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Did YLL ever, in a million years, think that she would want a Kindle? No way, baby! YLL was smugly old-school, reading library books in bed, in the bathtub. Lugging multiple tote-bags with of reading on every vacation. At a conservative estimate YLL reads 250+ books a year, and buys maybe 4 or 5 of those. YLL buys the books that she loves, that that will be read over and over, and admired on neatly organized shelves. What need does YLL have for eBooks? Except, of course, that YLL needs to be able to explain to the library-using public how to work their technology.

So YLL learned how to make it work. The library got a Sony Reader and YLL taught herself the ins-and-out of using Overdrive (the company that manages digital collections for libraries) and eReaders. YLL didn’t hate it. YLL even read a Lee Child book in digital and it was fine, but YLL wasn’t a convert.

Then YLL decided to teach herself the Overdrive app for the iPod Touch. Up till then YLL used an iPod mainly for music and to watch TV in the bathtub (Crazy you say? Holding an iPod is WAY easier—and less stressful—than balancing a laptop on the edge of the tub, which is what YLL had been doing.)

YLL downloaded the app, then checked out some books, and it was easy. So. Very. Easy. YLL checked out more books, reading two per bath.  YLL read them in the middle of the night when struck with insomnia.  YLL didn’t even care that about the need to “turn” the page every 3 sentences. YLL was sold.  YLL started thinking about a Kindle.

YLL’s relationship with Amazon is problematic. They’re a big corporation, and YLL is a reactionary liberal. Amazon does shitty stuff, like making a christmastime app that lets you scan an isbn in a bricks & mortar bookstore and buy it from Amazon. Ick.  On the other hand they also are helping to break down the historic barriers to publication that authors face. Unlike many other retailers, they know that there really is money to be made in books. Especially if your model is big enough. When libraries first started acquiring digital collections and making them available for eReaders, Amazon flat out said “No way. We’re in the business of selling books, not lending them.” But here’s the thing. For a giant, evil, corporation, Amazon listens. They’re smart enough to know that you can’t piss off your customers too much, cause the loyalty your customers feel is about you giving them what they want.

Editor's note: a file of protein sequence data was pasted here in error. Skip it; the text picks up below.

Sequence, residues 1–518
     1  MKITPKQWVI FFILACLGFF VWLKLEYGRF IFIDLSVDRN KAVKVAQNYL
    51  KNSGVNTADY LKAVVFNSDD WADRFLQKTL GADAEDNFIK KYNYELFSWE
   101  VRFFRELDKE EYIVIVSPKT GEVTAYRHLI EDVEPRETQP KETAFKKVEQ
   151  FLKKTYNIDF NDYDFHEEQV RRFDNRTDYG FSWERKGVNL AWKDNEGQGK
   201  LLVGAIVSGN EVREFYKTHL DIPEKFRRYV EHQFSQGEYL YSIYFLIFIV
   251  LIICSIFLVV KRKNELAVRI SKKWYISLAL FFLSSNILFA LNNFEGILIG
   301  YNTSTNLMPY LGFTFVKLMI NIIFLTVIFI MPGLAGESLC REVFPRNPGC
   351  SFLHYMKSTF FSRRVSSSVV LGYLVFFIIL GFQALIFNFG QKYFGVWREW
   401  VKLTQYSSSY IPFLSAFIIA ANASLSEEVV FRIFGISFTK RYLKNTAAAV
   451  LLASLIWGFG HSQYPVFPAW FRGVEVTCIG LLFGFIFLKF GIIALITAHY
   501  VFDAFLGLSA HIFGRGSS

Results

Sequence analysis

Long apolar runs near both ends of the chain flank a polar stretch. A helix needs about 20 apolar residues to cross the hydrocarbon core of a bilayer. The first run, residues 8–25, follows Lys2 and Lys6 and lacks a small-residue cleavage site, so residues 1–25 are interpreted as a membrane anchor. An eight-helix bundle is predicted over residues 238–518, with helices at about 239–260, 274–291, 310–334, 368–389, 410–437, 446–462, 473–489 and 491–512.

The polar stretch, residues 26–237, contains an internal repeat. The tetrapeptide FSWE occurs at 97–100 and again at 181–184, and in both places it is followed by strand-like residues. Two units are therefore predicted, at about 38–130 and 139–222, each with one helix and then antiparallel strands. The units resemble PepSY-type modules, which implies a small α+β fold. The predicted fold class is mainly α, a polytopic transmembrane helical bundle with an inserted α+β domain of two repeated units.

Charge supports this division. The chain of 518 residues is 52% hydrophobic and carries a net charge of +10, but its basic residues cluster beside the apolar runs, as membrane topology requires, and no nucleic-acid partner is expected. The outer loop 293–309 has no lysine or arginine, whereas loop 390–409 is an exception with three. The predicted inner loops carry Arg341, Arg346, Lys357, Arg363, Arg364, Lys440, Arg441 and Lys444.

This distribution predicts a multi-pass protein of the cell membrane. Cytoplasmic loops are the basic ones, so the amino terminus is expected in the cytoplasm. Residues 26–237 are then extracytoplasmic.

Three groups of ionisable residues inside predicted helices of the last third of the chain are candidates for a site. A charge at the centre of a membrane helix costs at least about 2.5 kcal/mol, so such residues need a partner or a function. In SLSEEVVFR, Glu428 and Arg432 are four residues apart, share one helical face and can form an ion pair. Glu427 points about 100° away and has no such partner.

So Amazon, bit the bullet and agreed that they would find a way to make library books work on the Kindle. And they way they found works really well. Maybe even better than the other eReaders, because it’s entirely wireless. And easy. And convenient. Just like pretty much any shopping experience through Amazon is—because they’re so frickin smart.

So YLL hemmed and hawed.  YLL debated (out loud, and at length, because that’s how she thinks) about buying herself a Kindle. And when Christmas came YLL’s partner ended the ongoing moral ambivalence by making a the decision YLL secretly want to make.

And YLL loves it. YLL had spent the past several months minimizing all the stuff of life (music goes digital, paper and photographs get scanned, unused things find a home where somebody will love them) YLL is realizing that even books aren’t sacred—there are some things that YLL will be more than happy to keep digitally rather than dedicate limited shelf space for. One of YLL’s favorite authors has just released a digital-only novella. YLL can buy it from directly from the author, who gets to keep all, not most of, the money. If this is how YLL shops for other stuff (the new Kindle case came from Etsy—handmade by a women running her own business—not from Amazon) why not books? A lon-local but direct economy made possible by digital purchase. YLL thinks it could be a thing.

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